Wednesday, October 20

Communities consider the pandemic over and launch to eliminate restrictions


When does a pandemic end now that the evidence suggests that the virus will not completely disappear? What is the long-awaited normality and when can it be said that we reached it? If last week the autonomous communities began to withdraw the toughest restrictions to avoid infections, in recent days the regional governments have been announcing the end of all or almost all the measures that depend on their powers. The incidence has fallen an average of 30% throughout Spain in the last 7 days and is already below 100 cases, the lowest figure in the last year.

Incidence falls below 100 cases for the first time since June

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Some Health Councilors, such as that of Castilla y León, already advance that “it is getting closer and closer to being able to start a completely normal life.” When? “In the next weeks”. The mask, regulated at the national level, still has a while. All the epidemiologists consulted agree that it will be the most lasting testimony of what the world has experienced in the last year and a half. And they warn that this has not ended. “We health workers are not exaggerated when we ask for caution. We do not have the domesticated coronavirus. We understand that the population wants to return to normal and think that the nightmare is over,” says Javier Segura, vice president of the Madrid Public Health Association.

The fall in restrictions has occurred in cascade with open complaints from some regions that consider that we are facing a new “race” in this second de-escalation. The Community of Madrid, whose government of the PP has distinguished itself by having the most lax measures in all of Spain, makes the closing hours of nightlife disappear from Monday. The clubs will be allowed to open until 6 in the morning, although it is still forbidden to use the dance floors. “We are going to be doing a permanent review, the downward behavior invites us to optimism and if it continues like this the decision on new measures will come sooner rather than later,” said the Madrid councilor, Enrique Ruiz Escudero.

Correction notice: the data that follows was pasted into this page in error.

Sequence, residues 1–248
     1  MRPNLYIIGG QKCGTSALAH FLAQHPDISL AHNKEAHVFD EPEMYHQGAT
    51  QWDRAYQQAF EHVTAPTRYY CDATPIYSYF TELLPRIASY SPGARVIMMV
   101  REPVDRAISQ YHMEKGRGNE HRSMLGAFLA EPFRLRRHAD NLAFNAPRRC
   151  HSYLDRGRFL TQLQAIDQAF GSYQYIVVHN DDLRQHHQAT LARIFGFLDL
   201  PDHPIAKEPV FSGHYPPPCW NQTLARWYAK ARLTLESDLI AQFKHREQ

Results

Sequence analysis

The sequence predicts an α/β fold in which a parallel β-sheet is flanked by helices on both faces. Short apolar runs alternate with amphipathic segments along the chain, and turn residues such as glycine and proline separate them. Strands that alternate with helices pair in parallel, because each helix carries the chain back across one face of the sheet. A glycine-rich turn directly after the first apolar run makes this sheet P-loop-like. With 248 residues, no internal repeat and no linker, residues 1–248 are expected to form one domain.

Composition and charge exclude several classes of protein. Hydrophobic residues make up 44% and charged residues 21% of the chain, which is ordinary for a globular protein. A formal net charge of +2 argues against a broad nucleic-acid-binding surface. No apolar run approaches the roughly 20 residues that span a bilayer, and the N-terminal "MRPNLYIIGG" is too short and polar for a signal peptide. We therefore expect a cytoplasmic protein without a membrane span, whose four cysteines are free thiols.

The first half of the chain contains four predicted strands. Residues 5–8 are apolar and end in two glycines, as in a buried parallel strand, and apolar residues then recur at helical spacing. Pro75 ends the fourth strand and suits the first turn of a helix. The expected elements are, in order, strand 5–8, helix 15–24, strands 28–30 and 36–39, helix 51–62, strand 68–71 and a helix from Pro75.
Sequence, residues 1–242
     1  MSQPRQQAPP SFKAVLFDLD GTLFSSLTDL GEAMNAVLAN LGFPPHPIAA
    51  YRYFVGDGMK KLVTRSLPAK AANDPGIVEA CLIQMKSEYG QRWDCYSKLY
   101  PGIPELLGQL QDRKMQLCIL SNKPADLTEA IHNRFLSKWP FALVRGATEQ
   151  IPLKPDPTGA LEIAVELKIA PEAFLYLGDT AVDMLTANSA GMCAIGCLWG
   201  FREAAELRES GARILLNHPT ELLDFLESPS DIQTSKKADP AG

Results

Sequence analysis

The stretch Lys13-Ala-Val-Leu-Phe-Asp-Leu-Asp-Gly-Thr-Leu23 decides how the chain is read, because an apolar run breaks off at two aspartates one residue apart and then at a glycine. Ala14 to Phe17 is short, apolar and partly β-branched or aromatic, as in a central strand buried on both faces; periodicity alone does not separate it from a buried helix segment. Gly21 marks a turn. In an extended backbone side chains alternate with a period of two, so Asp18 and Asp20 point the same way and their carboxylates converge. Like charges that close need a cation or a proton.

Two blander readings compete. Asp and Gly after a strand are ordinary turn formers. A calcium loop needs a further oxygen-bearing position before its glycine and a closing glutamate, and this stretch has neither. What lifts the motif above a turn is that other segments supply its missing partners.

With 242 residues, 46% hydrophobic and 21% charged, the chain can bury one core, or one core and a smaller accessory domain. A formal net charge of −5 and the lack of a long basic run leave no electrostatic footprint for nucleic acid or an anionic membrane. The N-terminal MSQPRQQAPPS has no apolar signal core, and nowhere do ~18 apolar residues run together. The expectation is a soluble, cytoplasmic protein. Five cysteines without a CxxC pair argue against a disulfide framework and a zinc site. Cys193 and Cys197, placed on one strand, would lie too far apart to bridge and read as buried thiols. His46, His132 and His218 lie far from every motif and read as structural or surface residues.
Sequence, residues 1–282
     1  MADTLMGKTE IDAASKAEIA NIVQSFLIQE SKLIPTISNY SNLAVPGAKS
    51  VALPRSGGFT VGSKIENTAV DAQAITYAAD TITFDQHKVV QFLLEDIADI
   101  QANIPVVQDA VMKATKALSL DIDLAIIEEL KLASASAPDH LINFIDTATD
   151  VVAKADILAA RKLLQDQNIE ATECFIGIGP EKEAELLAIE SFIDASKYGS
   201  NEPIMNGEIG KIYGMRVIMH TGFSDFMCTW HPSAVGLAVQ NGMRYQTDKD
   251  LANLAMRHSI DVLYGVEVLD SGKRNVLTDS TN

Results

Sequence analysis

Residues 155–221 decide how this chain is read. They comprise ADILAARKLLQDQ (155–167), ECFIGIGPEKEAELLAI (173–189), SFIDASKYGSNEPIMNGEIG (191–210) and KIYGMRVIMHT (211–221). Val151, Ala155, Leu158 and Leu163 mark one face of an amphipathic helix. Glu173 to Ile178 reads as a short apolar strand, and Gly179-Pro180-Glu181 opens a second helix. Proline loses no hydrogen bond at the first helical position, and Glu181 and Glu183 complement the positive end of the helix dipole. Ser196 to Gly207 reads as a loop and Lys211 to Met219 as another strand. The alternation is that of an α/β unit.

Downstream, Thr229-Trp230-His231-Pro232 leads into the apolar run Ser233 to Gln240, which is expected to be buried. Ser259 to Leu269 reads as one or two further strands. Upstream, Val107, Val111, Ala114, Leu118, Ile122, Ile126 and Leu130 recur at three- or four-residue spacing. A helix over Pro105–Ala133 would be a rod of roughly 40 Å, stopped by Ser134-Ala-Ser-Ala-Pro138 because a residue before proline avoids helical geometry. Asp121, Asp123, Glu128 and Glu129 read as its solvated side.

The Basque Country will allow dancing in discos but only until three. It is the first time that the Basque Government has opened this type of establishment since the declaration of the state of alarm in March 2020, although it remembers that the current incidence (147) is double the one it considers optimal to deactivate more preventive measures, such as traffic gauges. of commerce, cinema or culture to 75%. Extremadura, Madrid and Castilla y León are already leaving behind the limitations to the capacity of the premises. The maximum number of diners allowed in the same group also grows: in Aragon there are up to 15 on a terrace; in Madrid, 10. Hugs, physical contact, with family members return to the residences for the elderly in the Valencian Community, although always with a mask and correct hand hygiene.

The traffic light review

The Minister of Health, Carolina Darias, launched a message to the communities after the Interterritorial Council this week. “It would be desirable to relax measures progressively and gradually, always within the shared scope of the council,” he said. But there is irrefutable evidence that shows that the control of the pandemic is much more solid than a few months ago and that we are one step away from the desired normality.

One is vaccination coverage, which reduces the chances of infection and the danger of serious illness. The other, the revision of the semaphore of risk levels to adapt it to the current situation, with 75% of the population immunized. The modification of these parameters confirms, on the other hand, that coexistence with the virus will be long, since it will serve to act in cases of rebound. Epidemiologists assume that there will be peaks and valleys, but never as severe as those experienced so far.